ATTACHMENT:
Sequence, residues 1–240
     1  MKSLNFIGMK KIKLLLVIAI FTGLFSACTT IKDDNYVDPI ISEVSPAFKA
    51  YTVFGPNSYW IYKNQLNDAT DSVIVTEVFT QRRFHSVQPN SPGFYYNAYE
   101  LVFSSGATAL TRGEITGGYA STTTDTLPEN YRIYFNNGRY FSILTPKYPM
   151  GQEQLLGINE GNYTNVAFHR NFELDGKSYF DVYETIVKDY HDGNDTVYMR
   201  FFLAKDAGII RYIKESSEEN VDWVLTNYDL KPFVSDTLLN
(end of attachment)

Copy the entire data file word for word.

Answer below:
Sequence, residues 1–240
     1  MKSLNFIGMK KIKLLLVIAI FTGLFSACTT IKDDNYVDPI ISEVSPAFKA
    51  YTVFGPNSYW IYKNQLNDAT DSVIVTEVFT QRRFHSVQPN SPGFYYNAYE
   101  LVFSSGATAL TRGEITGGYA STTTDTLPEN YRIYFNNGRY FSILTPKYPM
   151  GQEQLLGINE GNYTNVAFHR NFELDGKSYF DVYETIVKDY HDGNDTVYMR
   201  FFLAKDAGII RYIKESSEEN VDWVLTNYDL KPFVSDTLLN